“They wanted all I could possibly write about The Shadow. Then for fifteen years, using the pen name Maxwell Grant, I sat before the typewriter doing a million words a year, mostly on The Shadow and Cranston, the chief character. It got so I could smash out these stories with the regularity and rhythm of setting up exercises.” — Walter Gibson, Writer Returns After 30 Years, in Utica Observer Dispatch, October 4, 1947
THE FIRST Shadow story, The Shadow of Wall Street, appeared in the February 1929 issue of Fame and Fortune, written by former dime novelist George C. Jenks, writing as Frank S. Lawton. Fame and Fortune was a casualty of the stock market crash. The Shadow of radio began as a voice used to promote Street & Smith’s new Detective Story Weekly. The Shadow’s sepulchral chuckle caught on with listeners and his background and his identity of Lamont Cranston were devised by Ruthrauff & Ryan, a Chrysler building ad agency.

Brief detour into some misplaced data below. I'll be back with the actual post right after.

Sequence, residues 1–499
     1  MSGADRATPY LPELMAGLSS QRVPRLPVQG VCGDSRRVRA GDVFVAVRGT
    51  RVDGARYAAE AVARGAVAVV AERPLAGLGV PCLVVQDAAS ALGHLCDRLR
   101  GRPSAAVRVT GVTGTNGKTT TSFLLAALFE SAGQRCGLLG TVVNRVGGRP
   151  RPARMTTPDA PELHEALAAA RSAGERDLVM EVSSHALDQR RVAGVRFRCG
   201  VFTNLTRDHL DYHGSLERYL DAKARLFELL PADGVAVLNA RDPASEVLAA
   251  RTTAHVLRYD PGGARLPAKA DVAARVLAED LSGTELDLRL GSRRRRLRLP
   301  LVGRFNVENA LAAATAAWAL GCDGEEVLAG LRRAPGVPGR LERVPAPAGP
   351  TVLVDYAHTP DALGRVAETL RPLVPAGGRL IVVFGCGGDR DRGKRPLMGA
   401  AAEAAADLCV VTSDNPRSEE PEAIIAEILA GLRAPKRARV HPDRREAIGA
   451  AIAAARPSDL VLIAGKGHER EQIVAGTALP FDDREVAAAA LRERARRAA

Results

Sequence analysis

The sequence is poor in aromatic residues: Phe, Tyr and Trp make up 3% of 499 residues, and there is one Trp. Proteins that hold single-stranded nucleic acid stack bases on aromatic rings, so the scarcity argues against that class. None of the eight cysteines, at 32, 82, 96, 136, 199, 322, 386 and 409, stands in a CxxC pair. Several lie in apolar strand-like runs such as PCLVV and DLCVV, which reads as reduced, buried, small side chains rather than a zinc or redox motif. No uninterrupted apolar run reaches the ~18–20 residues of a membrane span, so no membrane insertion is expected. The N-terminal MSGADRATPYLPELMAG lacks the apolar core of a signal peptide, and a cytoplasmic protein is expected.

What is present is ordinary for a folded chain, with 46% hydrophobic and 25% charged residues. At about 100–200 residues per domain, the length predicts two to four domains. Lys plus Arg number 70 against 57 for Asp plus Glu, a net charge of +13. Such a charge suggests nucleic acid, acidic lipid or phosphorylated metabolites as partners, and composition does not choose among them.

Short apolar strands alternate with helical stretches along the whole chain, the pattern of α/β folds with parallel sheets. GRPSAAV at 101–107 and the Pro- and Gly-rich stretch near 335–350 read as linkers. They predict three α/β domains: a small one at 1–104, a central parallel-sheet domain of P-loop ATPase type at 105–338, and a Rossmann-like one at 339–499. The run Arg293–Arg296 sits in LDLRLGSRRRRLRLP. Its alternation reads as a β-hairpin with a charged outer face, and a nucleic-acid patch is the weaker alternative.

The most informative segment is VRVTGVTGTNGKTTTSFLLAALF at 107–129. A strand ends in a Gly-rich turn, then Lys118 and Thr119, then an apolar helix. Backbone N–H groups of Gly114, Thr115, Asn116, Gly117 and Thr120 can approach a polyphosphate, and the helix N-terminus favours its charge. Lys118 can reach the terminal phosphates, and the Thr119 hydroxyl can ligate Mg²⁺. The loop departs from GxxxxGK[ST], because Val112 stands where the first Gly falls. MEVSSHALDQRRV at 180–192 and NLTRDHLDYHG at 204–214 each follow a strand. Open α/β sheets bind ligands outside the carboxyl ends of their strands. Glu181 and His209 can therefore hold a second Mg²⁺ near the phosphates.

THE QUARTERLY (soon monthly) pulp series began with The Living Shadow in April-June 1931 and lasted until summer 1949. Walter Gibson (b.1897), a former reporter on a Philadelphia daily, writing as Maxwell Grant, churned out 287 novel-length stories in the first fifteen years. Maxwell Grant’s books were reprinted in the 1960s – in paperbacks from Belmont and Bantam – books which introduced The Shadow to a new generation of fans.